"Am I comfortable with it? No. But I understand," Sizemore said. "I'm not going to say I'm 100 percent, but I feel as good as I can feel."

On Saturday, amidst a hot stretch at the plate for Sizemore, the center fielder was out of the lineup for the Tribe's game against the Orioles. Sizemore still needs scheduled days off to help him rest his surgically-repaired left knee, and to give his right knee -- banged up earlier this year -- recovery time as well.

Indians manager Manny Acta does not enjoy sitting Sizemore, but like the center fielder, he knows that such moves are necessary for the time being.

"It's tough," Acta said. "But if we want to get to the promised land, we have to do it. He's too important to us. That's where we get in trouble, when we just forget that he can't be thrown out there every single day, and every game is so important, and you're trying to hold on to first place or build a lead.

"You have to accept reality. It's for the best, for him and for us."

Entering Saturday, Sizemore was hitting .236 with 10 home runs and 29 RBIs for the American League Central-leading Indians, but he has been showing signs of life in the batter's box of late. Over his last four games, Sizemore was hitting .412 (7-for-17) with two home runs, one double, four RBIs and five runs scored.

"I've felt better the last couple of weeks," Sizemore said. "I've obviously had some early success here in the first two games [in Baltimore], but it's just two games. I'm working every day to try to get better and trying to get back in that rhythm where I feel comfortable and feel strong up there."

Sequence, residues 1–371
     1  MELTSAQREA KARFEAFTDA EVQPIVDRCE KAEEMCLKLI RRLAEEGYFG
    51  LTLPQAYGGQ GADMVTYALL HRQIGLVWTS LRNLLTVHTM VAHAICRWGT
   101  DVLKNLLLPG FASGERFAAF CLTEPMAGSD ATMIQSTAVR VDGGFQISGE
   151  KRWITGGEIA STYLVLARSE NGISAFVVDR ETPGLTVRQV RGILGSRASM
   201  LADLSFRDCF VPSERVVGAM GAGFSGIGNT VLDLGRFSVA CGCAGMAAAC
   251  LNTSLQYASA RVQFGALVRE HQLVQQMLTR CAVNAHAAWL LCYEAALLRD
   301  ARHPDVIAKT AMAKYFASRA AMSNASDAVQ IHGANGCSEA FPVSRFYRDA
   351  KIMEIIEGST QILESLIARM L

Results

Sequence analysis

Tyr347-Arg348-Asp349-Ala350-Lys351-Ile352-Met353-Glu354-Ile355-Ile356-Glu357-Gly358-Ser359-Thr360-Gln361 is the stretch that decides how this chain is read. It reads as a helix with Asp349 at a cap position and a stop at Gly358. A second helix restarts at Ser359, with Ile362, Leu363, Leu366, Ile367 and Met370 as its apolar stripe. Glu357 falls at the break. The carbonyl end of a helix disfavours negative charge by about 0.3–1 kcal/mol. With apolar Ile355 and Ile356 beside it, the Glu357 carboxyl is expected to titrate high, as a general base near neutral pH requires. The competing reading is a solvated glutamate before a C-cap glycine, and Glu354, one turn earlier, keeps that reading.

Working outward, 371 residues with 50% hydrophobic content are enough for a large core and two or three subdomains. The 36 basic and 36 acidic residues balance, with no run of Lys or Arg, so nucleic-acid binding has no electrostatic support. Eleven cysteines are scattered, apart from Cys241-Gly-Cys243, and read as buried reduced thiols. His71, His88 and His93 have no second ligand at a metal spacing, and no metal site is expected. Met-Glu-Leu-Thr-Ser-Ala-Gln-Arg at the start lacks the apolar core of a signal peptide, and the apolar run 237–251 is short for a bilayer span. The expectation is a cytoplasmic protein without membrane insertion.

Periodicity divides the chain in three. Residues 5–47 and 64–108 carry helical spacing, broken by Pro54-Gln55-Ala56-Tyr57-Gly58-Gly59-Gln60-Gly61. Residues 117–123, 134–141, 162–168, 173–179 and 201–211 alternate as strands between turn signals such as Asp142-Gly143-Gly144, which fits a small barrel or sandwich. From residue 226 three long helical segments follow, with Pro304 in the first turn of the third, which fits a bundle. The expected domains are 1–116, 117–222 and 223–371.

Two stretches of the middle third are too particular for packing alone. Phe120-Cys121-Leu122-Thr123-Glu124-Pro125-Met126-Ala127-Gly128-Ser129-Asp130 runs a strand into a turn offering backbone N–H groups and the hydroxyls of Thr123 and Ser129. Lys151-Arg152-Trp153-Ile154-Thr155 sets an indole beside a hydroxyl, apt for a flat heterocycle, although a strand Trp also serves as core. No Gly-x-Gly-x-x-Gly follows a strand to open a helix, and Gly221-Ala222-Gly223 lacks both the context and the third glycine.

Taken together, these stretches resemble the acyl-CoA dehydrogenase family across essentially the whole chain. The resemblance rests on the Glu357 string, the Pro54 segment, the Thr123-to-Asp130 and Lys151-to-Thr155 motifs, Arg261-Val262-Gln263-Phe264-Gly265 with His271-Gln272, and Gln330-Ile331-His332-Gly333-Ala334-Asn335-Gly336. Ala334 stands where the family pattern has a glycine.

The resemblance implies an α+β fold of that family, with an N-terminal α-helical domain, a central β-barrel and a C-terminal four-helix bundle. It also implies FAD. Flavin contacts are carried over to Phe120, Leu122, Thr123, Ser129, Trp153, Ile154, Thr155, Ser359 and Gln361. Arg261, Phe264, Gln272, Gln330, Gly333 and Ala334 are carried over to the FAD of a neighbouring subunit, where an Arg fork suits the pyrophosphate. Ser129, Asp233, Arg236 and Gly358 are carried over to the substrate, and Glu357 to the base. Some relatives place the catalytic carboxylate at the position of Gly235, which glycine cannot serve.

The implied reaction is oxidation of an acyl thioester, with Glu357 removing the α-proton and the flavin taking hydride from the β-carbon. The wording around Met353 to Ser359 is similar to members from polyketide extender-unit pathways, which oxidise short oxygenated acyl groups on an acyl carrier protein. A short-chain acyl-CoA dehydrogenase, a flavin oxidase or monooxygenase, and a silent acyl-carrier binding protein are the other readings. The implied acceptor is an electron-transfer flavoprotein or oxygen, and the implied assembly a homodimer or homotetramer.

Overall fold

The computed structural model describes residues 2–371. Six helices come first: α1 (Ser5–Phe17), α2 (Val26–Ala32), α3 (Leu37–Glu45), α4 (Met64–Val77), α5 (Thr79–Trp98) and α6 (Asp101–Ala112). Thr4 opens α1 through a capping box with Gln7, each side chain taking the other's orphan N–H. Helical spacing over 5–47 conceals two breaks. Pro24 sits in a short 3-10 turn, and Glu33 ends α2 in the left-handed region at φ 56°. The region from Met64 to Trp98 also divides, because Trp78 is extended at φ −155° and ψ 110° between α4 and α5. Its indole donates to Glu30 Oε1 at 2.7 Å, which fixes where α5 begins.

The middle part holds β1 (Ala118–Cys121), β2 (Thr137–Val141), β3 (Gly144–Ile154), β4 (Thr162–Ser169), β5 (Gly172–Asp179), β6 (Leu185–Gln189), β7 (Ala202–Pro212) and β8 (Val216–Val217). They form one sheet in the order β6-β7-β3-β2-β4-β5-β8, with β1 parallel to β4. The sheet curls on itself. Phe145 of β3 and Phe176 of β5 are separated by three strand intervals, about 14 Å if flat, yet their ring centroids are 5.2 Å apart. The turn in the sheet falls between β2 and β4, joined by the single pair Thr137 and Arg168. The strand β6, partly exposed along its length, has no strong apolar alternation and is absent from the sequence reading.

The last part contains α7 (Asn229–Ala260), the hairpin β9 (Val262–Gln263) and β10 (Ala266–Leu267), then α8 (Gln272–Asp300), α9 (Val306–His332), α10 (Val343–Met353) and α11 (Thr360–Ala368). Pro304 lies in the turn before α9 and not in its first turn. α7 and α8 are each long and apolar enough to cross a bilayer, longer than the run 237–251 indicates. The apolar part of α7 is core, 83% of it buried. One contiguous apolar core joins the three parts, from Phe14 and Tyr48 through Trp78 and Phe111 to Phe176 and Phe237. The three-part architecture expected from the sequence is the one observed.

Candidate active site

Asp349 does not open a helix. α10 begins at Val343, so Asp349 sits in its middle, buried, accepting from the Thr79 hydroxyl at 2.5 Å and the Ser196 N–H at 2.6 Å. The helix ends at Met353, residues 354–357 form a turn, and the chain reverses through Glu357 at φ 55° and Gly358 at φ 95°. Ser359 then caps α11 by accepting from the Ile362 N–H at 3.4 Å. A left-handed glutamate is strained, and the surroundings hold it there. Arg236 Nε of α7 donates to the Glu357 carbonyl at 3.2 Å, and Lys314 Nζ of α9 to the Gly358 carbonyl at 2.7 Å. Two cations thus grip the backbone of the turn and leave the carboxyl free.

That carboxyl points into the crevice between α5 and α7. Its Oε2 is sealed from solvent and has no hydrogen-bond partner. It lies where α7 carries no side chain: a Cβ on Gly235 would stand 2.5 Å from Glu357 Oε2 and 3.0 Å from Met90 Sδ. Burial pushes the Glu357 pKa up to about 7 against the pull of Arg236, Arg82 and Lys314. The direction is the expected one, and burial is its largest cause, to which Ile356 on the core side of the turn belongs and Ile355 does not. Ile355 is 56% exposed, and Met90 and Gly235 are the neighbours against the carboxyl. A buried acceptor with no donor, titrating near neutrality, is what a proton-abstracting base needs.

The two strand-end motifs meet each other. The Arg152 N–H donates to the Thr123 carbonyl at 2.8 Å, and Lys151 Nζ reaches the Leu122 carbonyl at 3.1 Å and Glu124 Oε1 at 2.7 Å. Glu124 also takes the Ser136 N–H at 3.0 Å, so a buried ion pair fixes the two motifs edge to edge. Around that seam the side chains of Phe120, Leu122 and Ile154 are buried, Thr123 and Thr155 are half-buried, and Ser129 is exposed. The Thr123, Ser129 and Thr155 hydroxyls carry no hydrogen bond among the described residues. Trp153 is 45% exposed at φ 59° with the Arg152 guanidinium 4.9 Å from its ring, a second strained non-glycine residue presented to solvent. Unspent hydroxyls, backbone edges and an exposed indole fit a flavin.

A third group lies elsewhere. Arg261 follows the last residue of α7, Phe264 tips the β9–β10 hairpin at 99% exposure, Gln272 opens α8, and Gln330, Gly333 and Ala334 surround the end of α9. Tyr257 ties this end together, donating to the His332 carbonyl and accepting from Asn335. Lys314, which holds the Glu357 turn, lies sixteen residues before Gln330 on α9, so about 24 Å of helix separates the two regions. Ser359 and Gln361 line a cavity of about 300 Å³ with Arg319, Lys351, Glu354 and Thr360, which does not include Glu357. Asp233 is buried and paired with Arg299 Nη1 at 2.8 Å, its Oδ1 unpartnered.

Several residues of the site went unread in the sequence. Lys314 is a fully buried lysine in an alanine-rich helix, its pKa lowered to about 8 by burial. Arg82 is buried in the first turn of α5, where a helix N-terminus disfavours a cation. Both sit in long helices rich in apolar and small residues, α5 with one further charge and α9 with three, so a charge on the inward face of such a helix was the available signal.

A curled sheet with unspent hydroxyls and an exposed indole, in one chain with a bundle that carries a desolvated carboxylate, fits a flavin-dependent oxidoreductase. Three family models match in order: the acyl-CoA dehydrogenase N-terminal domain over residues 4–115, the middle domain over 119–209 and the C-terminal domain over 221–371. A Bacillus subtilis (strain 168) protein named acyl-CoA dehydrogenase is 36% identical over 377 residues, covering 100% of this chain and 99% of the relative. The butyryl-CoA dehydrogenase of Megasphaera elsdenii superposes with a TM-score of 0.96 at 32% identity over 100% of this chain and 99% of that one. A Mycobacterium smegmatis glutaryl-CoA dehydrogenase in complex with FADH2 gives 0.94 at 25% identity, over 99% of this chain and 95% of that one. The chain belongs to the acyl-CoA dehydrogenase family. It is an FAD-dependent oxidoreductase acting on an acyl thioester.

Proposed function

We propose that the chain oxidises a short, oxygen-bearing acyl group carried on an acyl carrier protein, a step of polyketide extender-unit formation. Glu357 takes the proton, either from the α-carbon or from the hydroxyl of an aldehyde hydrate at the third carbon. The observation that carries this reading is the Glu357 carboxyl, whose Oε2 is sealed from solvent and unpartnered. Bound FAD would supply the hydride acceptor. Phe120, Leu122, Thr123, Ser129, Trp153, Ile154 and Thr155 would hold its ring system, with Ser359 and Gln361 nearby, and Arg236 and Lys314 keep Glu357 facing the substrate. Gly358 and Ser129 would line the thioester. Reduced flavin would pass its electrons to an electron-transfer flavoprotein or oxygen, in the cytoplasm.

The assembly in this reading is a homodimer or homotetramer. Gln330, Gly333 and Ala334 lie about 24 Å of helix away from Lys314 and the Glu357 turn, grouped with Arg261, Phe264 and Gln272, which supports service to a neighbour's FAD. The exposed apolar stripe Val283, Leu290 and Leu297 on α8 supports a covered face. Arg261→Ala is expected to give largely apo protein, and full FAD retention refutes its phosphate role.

Sizemore has been working on some mechanical adjustments with his swing, and indicated that he has been feeling more comfortable with the minor tweaks.

"When you're struggling, it might be something small," Sizemore said. "But one small thing can lead to a lot of bad habits. So you just try to clear your head of that stuff and try to simplify things as much as you can."

Sizemore also tries to focus on the fact that his scheduled off days, as frustrating as they might be, are necessary in light of his recent injury history.

"I've been beat up for two or three years now," he said. "So it's just about playing it safe."

Quote to note

"He's been having better at-bats. We noticed that last week. That's a sign. We've talked. When you start walking and having quality at-bats, going deep in the count, that's a sign that you're seeing the ball better and that you're coming out of it."
Indians manager Manny Acta, on center fielder Grady Sizemore

Smoke signals

• Indians manager Manny Acta noted that starter Fausto Carmona is expected to be activated from the 15-day disabled list on Monday in order to start the second game of a doubleheader against the Twins. Carmona has been sidelined since July 2 with a right quadriceps injury.

• The Indians have not revealed which pitcher will start the first game of Monday's doubleheader in Minnesota. Lefty David Huff and righty Zach McAllister (both at Triple-A Columbus) are the top candidates. Huff would be pitching on short rest, while McAllister would be on his regular schedule. Manager Manny Acta said he would probably announce the team's decision on Sunday.

• Indians first baseman Matt LaPorta received a routine day off from starting on Saturday against the Orioles. Manager Manny Acta indicated that the team still wants to take a cautious approach with LaPorta, who recently missed time with a sprained right ankle. "LaPorta is coming back from that ankle injury," Acta said. "We still have to take it easy with him."

• Right-hander Josh Tomlin's consistency is reaching historical proportions. Since 1919, only four pitchers have logged at least five innings in each of their first 30 career starts. That short list includes the Indians' John Farrell (37 from 1987-88), the Cubs' Pat Malone (33 from 1928-29), the Dodgers' Rick Sutcliffe (32 from 1976-80) and Tomlin (31 from 2010-2011).